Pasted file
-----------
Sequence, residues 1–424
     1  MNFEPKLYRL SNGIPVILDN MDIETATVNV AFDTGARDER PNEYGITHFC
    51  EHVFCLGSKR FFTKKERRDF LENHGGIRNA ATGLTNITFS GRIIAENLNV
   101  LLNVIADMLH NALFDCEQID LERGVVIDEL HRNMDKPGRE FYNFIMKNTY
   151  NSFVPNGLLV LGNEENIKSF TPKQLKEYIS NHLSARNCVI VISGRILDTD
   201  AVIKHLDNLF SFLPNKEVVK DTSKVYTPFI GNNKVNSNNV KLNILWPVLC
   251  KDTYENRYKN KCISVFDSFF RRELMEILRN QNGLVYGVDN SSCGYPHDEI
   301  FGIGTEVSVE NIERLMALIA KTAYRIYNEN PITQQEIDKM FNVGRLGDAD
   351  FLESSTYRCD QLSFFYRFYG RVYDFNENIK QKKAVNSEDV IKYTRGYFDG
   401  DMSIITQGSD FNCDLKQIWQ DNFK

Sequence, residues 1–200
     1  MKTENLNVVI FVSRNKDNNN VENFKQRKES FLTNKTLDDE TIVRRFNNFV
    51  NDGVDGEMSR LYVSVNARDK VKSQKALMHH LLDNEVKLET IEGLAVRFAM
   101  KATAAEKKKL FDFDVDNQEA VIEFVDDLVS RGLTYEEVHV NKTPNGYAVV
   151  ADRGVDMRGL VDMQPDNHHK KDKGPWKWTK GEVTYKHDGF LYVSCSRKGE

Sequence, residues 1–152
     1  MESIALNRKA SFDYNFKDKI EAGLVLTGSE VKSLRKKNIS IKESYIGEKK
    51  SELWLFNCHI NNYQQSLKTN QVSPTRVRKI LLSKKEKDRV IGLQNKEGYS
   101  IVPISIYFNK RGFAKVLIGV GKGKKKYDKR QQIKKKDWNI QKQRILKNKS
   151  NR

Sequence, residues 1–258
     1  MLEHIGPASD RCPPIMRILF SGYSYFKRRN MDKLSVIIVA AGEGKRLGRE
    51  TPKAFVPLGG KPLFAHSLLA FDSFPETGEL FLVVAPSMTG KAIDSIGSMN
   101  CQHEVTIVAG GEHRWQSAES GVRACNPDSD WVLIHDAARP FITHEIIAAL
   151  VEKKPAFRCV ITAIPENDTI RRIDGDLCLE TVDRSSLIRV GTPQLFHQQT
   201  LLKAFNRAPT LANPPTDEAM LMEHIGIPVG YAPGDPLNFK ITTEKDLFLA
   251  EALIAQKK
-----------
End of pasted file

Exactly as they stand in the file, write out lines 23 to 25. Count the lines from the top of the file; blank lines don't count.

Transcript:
    51  TPKAFVPLGG KPLFAHSLLA FDSFPETGEL FLVVAPSMTG KAIDSIGSMN
   101  CQHEVTIVAG GEHRWQSAES GVRACNPDSD WVLIHDAARP FITHEIIAAL
   151  VEKKPAFRCV ITAIPENDTI RRIDGDLCLE TVDRSSLIRV GTPQLFHQQT